As UT Center for Industrial Services Solutions Consultant Bill Hicks travels the 16-counties of his East Tennessee region, he constantly hears from businesses and industries about the struggle to find good employees.
“With record low unemployment and a strong economy, many companies I visit would like to grow but are constrained by the available workforce,” Hicks said. “As I leave these meetings I continually found myself thinking ‘What is a good employee?’ and ‘How can we make good employees?’”
This led Hicks to think back to a tour he was given by his friend and colleague Chris Edmonds of the Tennessee College of Applied Technology (TCAT) Morristown campus.
“What I saw there was a great bunch of students learning practical, hands-on skills from amazing instructors with years of experience in their respective fields,” Hicks said. “These students really seemed to be well on their way to being those ‘good employees’ that I know my companies are looking for.” Hicks and Edmonds discussed what CIS might be able to do help these students be more attractive in the marketplace. However, without funding, any ideas they had were not possible.
Hicks discussed the ideas with CIS Economic Development Program Manager Beth Phillips, who mentioned a grant from the Appalachian Regional Commission. The grant was to be used to develop, attract and retain the talented and skilled workforce that manufacturers need to compete in the region’s fast-growing automotive sector.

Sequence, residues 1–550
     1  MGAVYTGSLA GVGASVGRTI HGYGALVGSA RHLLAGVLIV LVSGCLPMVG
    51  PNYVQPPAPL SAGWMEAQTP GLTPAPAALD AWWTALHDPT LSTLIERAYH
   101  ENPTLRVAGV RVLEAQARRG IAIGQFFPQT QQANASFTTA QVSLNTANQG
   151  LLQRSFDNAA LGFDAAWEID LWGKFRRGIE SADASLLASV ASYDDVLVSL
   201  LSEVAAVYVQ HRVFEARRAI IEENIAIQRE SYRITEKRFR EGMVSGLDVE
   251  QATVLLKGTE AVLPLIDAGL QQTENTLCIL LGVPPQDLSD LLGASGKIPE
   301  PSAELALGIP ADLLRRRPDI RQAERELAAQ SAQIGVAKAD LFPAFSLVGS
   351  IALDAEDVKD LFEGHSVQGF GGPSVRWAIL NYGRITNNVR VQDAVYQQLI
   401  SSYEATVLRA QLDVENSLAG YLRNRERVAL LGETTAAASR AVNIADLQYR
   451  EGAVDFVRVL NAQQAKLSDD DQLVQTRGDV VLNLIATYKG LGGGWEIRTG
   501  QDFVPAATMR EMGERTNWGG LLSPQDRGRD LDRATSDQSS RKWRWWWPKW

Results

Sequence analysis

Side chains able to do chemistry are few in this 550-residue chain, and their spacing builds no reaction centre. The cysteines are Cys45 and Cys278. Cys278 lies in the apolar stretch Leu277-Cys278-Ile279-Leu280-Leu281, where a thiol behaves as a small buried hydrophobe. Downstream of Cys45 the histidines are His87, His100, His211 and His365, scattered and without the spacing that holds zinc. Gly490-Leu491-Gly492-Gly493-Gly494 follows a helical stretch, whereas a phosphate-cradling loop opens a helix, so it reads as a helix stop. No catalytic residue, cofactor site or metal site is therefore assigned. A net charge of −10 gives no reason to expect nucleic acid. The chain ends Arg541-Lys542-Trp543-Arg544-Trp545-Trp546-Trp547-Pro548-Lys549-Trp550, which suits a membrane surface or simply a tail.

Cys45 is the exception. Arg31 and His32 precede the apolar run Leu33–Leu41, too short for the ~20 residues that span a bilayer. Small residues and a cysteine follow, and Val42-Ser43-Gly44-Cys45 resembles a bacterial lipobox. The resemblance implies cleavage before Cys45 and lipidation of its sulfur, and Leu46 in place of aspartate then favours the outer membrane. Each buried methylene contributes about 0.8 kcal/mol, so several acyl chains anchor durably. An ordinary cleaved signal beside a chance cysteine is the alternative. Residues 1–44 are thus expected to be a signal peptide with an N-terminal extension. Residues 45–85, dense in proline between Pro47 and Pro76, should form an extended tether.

“Strategically partnering with the TCATs to build a globally competitive workforce and workplace was a perfect way to leverage our collective resources,” Phillips said.
With the funding, CIS produced the foundations of manufacturing curriculum. This curriculum was based on the needs CIS continually heard from its industry partners and is made up of five courses: lean manufacturing overview, essential skills of communicating, quality in the workplace and ISO 9001, critical thinking and problem solving and OSHA 10-hour general industry.
Throughout the spring and summer of this year, CIS instructors completed 152 hours of instruction for these students at the main campus in Morristown and at the satellite centers in Surgoinsville and Greeneville.
“They are getting the technical skills through TCAT and the relevant practical skills through the CIS instruction,” Hicks said. “It’s been a beneficial partnership for all involved.”